The sooner you book where you’ll be staying, the more choice you’ll have. Rooms go fast in the summer travel season. Delaying risks spending more and not much to choose from. This is true from hostels to luxury properties.
Airbnb is a bit of a crapshoot now, and merits its own post. Between rising fees and the negative impact on local housing situations, I’ve moved away from using this option. Once exception is using it to book a room in a home – it’s usually extra income for the person who lives there and is a great option for solo travelers.
I’ve been quite happy using Booking.com to find a variety of hotels, B&Bs, and even apartments. In small towns I’ll also search on Google maps, as they often don’t have listings and may offer deals when you book directly.
Renting a car gives you freedom but can be stressful if you’ve never done so. Typically the lowest rates are for airport or train station locations, and picking up/dropping off at the same location. Cheaper options will usually have a branded shuttle to take you from the airport to their nearby office.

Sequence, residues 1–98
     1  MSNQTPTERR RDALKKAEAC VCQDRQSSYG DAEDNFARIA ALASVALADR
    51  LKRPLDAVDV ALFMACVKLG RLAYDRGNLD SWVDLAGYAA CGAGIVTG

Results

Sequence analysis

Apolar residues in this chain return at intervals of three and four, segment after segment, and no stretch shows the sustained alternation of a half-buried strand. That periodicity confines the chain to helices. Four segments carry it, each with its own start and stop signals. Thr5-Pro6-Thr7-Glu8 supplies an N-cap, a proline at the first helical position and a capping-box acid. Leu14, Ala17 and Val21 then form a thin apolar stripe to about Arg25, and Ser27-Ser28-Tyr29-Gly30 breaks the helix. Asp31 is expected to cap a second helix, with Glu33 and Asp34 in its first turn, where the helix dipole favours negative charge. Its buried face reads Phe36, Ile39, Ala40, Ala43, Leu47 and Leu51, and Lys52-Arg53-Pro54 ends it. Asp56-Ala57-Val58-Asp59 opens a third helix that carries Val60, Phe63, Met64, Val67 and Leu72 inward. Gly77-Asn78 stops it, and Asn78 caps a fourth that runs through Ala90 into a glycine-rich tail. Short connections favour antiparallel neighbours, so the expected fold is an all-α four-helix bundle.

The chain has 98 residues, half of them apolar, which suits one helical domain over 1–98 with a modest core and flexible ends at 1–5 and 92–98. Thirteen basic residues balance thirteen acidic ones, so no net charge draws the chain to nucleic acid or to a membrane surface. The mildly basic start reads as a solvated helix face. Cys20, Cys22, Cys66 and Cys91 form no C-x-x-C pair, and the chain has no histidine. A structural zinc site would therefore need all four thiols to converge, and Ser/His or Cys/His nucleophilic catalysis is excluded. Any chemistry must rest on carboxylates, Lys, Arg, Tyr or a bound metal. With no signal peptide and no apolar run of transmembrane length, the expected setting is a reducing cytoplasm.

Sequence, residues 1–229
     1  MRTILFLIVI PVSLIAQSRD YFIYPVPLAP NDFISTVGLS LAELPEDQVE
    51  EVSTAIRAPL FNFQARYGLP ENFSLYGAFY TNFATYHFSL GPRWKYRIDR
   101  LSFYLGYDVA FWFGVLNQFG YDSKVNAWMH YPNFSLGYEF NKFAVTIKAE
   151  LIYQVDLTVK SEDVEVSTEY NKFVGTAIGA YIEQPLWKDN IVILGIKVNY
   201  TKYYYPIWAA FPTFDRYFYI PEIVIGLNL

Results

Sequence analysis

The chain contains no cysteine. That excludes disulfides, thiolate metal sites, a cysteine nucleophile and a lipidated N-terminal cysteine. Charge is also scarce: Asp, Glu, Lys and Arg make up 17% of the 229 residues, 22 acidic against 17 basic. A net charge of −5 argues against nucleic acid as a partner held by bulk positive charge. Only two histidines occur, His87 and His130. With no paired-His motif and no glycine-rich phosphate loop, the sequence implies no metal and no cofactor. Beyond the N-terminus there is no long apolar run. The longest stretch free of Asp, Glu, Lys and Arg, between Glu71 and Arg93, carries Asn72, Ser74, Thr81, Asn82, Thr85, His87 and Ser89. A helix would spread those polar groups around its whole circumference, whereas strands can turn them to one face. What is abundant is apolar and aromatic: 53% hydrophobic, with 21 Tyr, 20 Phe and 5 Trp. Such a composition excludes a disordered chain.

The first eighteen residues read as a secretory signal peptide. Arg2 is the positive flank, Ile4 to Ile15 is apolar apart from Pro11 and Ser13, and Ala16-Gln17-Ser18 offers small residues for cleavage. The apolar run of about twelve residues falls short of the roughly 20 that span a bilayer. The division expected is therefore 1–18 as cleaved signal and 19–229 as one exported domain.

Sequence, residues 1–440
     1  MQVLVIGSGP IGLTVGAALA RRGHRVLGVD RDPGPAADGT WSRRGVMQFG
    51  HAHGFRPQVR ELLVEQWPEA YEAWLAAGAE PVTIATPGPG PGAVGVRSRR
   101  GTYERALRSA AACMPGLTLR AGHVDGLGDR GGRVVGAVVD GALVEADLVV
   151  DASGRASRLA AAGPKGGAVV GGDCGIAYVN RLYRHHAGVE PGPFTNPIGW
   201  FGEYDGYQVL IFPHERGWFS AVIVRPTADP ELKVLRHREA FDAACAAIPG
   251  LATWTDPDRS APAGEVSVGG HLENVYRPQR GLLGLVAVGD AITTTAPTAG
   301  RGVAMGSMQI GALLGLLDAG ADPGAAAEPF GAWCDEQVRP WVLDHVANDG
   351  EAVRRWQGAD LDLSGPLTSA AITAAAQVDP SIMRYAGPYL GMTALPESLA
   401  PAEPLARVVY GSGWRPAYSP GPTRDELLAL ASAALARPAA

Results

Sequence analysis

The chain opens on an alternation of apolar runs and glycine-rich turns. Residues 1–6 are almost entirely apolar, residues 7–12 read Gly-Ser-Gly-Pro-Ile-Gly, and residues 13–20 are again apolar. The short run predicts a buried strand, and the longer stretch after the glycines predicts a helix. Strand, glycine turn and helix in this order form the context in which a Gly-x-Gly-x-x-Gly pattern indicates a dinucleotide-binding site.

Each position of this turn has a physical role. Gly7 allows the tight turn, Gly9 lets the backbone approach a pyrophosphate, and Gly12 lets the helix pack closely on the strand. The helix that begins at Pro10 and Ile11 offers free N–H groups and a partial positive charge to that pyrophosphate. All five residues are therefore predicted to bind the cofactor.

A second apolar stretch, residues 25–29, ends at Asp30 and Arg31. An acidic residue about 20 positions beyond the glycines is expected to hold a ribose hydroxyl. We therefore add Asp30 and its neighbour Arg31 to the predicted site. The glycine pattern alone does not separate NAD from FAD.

Sometimes I book direct, but I’ve also used Discover Cars to find rental car deals in Europe. No matter where you rent, read the fine print with extreme caution. When picking up/dropping off, take detailed photos of the car and keep them for at least 3 months. Also check if your credit card offers additional coverage – if it does, you can decline the extra coverage option and save some money.
Be sure to check if you need to have an International Driving Permit. This is not a separate permit but a translation of your driver’s license. Not every country requires it, but not having it may mean you can’t rent a car or heavy fines if caught without it.
Feeling a little overwhelmed? I would love to help you plan your perfect summer in Europe! Explore my travel consulting and coordination options. Bon Voyage!